The XC70’s rear seats fold down flat with one easy motion. This is by far my favorite method carmakers utilize to expand the cargo area. Why every wagon, hatchback and SUV doesn’t do it this way is beyond me. When I recently went shopping for my own car, this was one determining factor; the Jeep Grand Cherokee I owned at the time required four steps to fold the seats.
Safety and Volvo go together hand-inhand, and the XC70 has plenty of standard and optional safety features. Because cars from other manufacturers score just as highly in crash tests, Volvo has to do even more now. You can win the top award from the Insurance Institute for Highway Safety — which the 2008 XC70 has — but even then you’re on the same playing field with the other winners, and that field has doubled in the past year. So besides the array of airbags, stability control, tire pressure monitoring system and other standard safety features, Volvo has added some intriguing safety options that go beyond the norm, conveying a sense that the car is cradling the family in a security blanket.
In the rare chance the kids are distracting you, Volvo’s $695 blind-spot monitor acts as a nanny for the driver, reminding you there’s someone in your blind spot in case you haven’t been constantly eyeballing all three mirrors.
To really win over the family man or woman, the XC70 comes with built-in booster seats for a pretty decent price of $495. They deploy in two stages with an easy push of a button and can accommodate children between 33 and 80 pounds. Of course, a regular booster seat costs $100 at the top end, so you’re really paying for the convenience and the appearance — let’s face it, some parents don’t want their cars looking like a child’s playpen.
The surprising part of the XC70 is that its base MSRP is $36,775 for an all-wheel-drive, six-cylinder luxury wagon. Some would call it near-premium, but not me. Compared to the $49,285 Audi A6 Avant and the $56,475 Mercedes E-Class wagon, which have similar engines and interior room, the Volvo seems like a bargain. It actually has roughly 5 more feet of total cargo room, too. Like those luxury competitors, seeing one that actually costs that starting price on a dealership lot is rare.
To get leather seats you must add a $2,995 Premium Package, which also includes a power moonroof, wood inlays and a power passenger seat. To get options like a power tailgate and park assist, you must opt for a $1,195 Convenience Package, which also includes less intriguing options like a sunglass holder and tinted glass. Those who live in colder climates will definitely want the Climate Package, which adds heated front and rear seats — if you don’t opt for the booster seats — and heated windshield washer nozzles for $875. There’s also a premium audio system for $1,650, but I certainly didn’t hear that much money in the so-so output from the speakers.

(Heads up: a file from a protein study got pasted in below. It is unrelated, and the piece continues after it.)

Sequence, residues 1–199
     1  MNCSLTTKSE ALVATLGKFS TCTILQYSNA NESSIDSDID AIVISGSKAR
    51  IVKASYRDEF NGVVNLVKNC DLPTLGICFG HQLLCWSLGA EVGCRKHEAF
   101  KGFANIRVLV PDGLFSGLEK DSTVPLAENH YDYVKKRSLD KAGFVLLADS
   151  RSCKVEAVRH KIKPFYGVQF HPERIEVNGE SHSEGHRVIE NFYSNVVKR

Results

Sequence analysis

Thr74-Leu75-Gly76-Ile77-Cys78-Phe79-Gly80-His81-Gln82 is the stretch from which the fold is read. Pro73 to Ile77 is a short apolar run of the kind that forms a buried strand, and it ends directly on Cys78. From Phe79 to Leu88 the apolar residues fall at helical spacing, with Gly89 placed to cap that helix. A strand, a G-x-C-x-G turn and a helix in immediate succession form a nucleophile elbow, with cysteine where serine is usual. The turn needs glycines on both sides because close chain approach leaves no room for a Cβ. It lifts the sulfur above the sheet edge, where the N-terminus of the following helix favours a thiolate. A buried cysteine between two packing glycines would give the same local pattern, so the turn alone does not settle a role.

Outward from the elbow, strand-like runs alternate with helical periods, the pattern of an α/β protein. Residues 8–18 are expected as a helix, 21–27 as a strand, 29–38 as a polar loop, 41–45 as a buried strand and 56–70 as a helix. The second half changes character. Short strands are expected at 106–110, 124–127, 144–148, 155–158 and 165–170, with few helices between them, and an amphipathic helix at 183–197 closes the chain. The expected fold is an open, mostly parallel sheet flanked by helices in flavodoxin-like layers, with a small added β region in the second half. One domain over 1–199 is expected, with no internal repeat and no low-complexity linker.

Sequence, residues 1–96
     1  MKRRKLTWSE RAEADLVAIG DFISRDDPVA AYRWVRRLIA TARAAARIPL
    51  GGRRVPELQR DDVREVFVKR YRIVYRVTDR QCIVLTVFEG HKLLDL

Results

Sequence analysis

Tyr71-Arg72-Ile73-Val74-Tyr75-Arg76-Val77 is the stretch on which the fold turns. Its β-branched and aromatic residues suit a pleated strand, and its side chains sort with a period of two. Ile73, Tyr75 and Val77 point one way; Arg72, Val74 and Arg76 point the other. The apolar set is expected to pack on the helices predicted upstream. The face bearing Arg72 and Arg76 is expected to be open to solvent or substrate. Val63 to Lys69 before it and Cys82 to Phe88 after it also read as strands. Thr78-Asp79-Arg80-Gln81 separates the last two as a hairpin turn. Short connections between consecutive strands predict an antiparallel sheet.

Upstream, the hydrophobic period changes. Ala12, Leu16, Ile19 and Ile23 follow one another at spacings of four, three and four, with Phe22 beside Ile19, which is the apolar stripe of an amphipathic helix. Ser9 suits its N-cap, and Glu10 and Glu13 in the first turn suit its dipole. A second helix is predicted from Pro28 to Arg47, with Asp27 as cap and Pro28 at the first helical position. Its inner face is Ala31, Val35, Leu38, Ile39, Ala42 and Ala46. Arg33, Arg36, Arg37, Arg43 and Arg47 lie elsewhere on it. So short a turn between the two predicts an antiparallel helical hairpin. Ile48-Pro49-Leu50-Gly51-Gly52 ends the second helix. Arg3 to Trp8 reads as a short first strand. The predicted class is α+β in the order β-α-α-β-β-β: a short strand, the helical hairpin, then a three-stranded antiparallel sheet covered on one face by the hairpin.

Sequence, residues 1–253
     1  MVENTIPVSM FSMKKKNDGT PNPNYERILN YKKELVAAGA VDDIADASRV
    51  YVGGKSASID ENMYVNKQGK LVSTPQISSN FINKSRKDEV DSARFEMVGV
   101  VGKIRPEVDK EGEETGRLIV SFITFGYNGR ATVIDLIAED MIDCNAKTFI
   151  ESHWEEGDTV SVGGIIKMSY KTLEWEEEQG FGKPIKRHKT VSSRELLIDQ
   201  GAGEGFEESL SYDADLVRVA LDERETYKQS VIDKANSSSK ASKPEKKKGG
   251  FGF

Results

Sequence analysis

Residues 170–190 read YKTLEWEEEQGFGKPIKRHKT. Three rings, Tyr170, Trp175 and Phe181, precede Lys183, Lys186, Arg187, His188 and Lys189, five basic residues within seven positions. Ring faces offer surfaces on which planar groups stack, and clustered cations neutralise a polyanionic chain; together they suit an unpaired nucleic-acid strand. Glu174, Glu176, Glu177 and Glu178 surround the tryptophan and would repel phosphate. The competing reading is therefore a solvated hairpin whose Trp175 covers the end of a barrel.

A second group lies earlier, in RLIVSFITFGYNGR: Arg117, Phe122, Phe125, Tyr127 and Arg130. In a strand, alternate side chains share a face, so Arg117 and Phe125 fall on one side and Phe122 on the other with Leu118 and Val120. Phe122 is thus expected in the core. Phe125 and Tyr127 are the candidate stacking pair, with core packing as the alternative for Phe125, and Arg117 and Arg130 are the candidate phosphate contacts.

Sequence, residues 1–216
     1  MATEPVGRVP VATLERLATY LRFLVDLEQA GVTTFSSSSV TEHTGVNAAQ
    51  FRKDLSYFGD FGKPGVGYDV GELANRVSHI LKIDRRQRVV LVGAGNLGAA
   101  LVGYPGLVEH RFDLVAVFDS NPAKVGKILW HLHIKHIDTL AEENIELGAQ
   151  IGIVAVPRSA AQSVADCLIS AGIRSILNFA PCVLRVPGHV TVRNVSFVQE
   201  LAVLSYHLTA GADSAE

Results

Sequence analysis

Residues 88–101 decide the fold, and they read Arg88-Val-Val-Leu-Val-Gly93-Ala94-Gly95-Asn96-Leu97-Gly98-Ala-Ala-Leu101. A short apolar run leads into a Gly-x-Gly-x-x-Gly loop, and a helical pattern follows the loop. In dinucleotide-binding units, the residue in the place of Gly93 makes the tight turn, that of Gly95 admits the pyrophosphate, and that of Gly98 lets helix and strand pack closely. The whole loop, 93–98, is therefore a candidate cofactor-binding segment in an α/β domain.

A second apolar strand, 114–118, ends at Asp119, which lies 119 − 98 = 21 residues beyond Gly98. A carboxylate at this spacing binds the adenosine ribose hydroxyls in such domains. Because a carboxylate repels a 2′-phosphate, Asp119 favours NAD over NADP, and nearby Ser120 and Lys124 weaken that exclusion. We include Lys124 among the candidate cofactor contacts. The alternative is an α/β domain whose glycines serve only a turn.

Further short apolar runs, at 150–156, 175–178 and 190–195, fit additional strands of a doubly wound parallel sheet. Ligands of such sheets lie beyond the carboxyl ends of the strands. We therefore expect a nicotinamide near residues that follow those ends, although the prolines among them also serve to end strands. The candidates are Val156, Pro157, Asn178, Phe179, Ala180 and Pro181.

My test car came with the Premium and Climate packages and stickered just north of $43,040. That’s still well below the luxury competition.
Like the redesigned S80, the new XC70 offers a tremendous amount of safety and luxury for the money. That’s a terrific combination. Unfortunately, Volvo is still battling the perception that it’s a problem brand when it comes to reliability. The brand as a whole is currently rated as Average by J.D. Power and Associates.
I was warned when I got my test car that there was something loose inside the tailgate and that they were waiting on the part before it could be fixed.
Aware of the problem, the occasional thunk from the back didn’t bother me; I’ll give the car the benefit of the doubt with one issue. However, when I was filming a video for this review I noticed one of the fog lamps was loose, and then on the last day of my test, the airbag sensor warning light became illuminated. Turns out, a recall for a bad sensor was issued that very week.
Now, we often get test cars extremely early in their lifetime, before all the assembly-line kinks are worked out. But family-haulers need to be both dependable and safe, and the XC70 has some work to do on a full half of that equation.